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Feb 03, 2014 07:06 |  #10

mikekelley wrote in post #16659557 (external link)
Forget taking pictures, and study art. Study the masters, and light, and composition, and how they use it. Watch classic films and modern films, and study light, and how they use it. Study sculptures, and form, and shape, and note how it's used.

Are you suggesting sir that before I learn to take pictures using my camera, I must practice taking pictures with my mind first?




  
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bidkev
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Feb 03, 2014 07:27 |  #11

Firefloss wrote in post #16659750 (external link)
Are you suggesting sir that before I learn to take pictures using my camera, I must practice taking pictures with my mind first?


I think he is. I was 'technically proficient" within a very short time of starting photography, but I knew nothing about art and had no vision............basi​cally, my wedding and portrait work were simply "mug shots". My photography only improved when I started studying art and the works of others, it was only then that I realised what made many images attractive to me


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tomj
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Feb 03, 2014 08:38 |  #12

Good advice, in my opinion.

I work with a talented graphic (and fine - she has a BFA) artist to whom I would sometimes show shots I was unhappy with. She would frequently tweak them a little, usually just by cropping, and transform a very mediocre picture into something that looked very good. She was able to see what I couldn't.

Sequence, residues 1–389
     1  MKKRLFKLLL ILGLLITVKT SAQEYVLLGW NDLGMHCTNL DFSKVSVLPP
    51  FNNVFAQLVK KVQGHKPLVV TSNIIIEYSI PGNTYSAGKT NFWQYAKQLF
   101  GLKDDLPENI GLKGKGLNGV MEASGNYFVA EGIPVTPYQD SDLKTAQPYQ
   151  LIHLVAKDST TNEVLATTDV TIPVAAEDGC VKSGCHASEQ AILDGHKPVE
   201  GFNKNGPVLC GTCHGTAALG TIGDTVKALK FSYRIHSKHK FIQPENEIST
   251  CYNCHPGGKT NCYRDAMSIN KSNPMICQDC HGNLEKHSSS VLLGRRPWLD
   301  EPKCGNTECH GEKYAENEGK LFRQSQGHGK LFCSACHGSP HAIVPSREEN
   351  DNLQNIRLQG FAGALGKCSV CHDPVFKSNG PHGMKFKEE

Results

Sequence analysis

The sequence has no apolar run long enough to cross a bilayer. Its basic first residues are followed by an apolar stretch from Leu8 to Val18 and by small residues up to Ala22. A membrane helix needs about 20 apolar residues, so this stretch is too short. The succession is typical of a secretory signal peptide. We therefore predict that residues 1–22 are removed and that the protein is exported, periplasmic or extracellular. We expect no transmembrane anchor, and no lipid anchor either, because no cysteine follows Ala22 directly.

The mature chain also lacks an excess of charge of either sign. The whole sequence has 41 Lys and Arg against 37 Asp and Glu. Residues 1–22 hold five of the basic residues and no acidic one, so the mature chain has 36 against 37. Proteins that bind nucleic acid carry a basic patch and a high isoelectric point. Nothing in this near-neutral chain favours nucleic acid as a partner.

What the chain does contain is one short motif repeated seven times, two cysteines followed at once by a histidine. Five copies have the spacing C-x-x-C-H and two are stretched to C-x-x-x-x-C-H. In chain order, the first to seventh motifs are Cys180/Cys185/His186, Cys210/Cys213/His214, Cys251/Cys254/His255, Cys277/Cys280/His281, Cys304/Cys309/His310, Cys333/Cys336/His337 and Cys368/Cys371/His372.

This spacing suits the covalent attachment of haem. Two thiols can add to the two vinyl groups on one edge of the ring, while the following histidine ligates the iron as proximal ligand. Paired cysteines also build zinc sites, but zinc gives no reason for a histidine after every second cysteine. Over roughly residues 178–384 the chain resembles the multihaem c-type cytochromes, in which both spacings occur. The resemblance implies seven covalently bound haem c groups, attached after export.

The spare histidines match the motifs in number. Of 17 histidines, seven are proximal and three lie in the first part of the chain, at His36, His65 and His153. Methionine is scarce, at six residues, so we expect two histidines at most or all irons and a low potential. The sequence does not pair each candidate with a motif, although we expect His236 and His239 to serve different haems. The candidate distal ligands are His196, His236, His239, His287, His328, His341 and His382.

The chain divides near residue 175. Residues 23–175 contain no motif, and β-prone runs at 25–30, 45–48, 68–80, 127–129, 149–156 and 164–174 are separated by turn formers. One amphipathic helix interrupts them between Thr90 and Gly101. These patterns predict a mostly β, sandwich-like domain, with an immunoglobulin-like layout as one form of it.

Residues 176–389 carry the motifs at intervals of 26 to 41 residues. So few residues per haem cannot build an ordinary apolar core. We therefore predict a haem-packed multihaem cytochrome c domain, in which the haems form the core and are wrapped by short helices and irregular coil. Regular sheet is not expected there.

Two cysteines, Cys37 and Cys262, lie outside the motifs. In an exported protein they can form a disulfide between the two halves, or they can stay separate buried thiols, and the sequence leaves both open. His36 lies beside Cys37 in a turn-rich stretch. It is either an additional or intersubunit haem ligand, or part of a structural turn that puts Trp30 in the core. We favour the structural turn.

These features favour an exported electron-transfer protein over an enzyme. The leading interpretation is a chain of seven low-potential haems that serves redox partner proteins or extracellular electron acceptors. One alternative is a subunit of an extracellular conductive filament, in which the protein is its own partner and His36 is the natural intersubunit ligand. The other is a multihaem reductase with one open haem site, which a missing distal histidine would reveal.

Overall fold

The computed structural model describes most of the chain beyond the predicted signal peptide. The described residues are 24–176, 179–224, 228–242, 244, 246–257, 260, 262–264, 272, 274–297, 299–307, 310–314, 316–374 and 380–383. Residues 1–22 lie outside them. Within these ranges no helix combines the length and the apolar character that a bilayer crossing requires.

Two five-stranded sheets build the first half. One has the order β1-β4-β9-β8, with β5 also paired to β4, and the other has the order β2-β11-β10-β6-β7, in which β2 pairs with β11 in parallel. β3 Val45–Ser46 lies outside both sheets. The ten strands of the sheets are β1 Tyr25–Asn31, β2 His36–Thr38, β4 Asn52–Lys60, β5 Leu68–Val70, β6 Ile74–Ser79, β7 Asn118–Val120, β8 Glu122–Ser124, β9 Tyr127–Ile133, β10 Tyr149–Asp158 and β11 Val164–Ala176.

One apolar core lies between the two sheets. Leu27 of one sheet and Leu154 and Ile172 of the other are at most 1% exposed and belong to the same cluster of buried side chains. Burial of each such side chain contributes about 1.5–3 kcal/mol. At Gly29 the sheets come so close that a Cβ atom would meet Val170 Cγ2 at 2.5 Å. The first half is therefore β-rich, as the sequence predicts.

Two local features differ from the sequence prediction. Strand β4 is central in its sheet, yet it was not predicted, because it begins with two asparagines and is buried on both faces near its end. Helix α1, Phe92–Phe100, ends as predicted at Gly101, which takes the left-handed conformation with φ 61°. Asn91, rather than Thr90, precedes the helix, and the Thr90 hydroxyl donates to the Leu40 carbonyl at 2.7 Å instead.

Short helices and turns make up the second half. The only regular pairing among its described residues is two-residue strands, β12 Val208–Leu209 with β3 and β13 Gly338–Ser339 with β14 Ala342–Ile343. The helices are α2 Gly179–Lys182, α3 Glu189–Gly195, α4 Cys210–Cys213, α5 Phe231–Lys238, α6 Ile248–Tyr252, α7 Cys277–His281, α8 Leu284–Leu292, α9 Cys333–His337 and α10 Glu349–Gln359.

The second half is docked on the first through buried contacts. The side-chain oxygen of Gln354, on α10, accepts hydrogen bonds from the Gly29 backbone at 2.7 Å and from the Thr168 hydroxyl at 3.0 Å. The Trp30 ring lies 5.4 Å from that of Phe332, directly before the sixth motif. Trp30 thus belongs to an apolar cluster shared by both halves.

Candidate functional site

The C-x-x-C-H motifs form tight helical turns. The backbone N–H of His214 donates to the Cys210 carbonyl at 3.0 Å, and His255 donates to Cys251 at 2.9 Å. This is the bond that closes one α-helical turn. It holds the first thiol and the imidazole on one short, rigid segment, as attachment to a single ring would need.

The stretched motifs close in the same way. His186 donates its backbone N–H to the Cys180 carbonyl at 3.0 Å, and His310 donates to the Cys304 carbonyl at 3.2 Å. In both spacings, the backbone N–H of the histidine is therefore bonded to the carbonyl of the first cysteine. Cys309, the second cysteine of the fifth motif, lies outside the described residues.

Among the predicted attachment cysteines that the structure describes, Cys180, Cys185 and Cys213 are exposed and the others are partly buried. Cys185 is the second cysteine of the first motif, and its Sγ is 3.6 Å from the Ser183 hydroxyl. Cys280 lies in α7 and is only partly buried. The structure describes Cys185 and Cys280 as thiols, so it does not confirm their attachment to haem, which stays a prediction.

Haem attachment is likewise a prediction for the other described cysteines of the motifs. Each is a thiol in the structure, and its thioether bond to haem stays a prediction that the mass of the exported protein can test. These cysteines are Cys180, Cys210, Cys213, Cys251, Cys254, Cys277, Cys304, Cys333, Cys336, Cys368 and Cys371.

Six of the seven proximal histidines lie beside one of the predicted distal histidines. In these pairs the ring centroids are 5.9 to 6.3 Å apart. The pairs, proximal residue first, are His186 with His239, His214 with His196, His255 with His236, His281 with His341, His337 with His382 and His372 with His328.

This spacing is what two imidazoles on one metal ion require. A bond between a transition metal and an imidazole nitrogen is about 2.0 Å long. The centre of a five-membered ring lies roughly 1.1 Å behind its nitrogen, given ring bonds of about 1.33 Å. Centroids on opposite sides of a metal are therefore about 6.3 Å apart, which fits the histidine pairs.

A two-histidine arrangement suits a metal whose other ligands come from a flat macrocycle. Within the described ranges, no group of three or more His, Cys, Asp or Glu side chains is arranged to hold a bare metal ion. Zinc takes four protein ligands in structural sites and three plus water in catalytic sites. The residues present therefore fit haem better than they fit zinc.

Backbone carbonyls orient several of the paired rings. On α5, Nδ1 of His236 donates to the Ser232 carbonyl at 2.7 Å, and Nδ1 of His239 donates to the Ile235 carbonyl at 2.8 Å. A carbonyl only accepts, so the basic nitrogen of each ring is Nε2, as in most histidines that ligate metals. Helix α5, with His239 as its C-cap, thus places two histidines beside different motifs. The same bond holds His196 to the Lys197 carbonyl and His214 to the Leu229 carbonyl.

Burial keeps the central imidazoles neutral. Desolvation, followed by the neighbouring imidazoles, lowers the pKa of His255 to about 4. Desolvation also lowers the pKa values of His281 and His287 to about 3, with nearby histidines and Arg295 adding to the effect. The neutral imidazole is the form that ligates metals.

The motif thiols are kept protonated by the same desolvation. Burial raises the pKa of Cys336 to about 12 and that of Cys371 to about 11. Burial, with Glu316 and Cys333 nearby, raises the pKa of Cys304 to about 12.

Also, I know an experienced pro photographer who taught a beginning photography course a few years ago, I believe at a community college. He told me he had the students bring a sketch pad instead of a camera to the first couple of classes.


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PhotosGuy
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Feb 03, 2014 09:00 |  #13

Firefloss wrote in post #16659750 (external link)
Are you suggesting sir that before I learn to take pictures using my camera, I must practice taking pictures with my mind first?

Do both. Post #22: how do you guys deal with frustrations of getting bad shots?

Then, as you get more comfortable, try this in post #36: Learning: is there one particular lens which helped you get better

You could try something like this: A walk by the river. Put the cam on RAW; take only a 128MB card; one lens; don't delete. See what happens. ;)

Here's a variation on that. Ever played “chicken”? Just take only one frame of an event:
http://www.scottkelby.​com/blog/2009/archives​/2829 (external link)


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Preeb
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Feb 03, 2014 09:43 |  #14

Firefloss wrote in post #16659326 (external link)
Hi i'm a beginner and want to hear some advises on how can I EFFECTIVELY improve my creative eye. any suggestions? :)

Read "The Photographer's Eye" by Michael Freeman. It's all about composition, with lots of examples to demonstrate various techniques for composing different shots.


Rick
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Tom ­ Reichner
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Feb 03, 2014 10:36 |  #15

Firefloss wrote in post #16659326 (external link)
Hi i'm a beginner and want to hear some advises on how can I EFFECTIVELY improve my creative eye. any suggestions? :)

Could you tell us what types of things you like to photograph most? What are you most passionate about, as far as subject matter is concerned?


"Your" and "you're" are different words with completely different meanings - please use the correct one.
"They're", "their", and "there" are different words with completely different meanings - please use the correct one.
"Fare" and "fair" are different words with completely different meanings - please use the correct one. The proper expression is "moot point", NOT "mute point".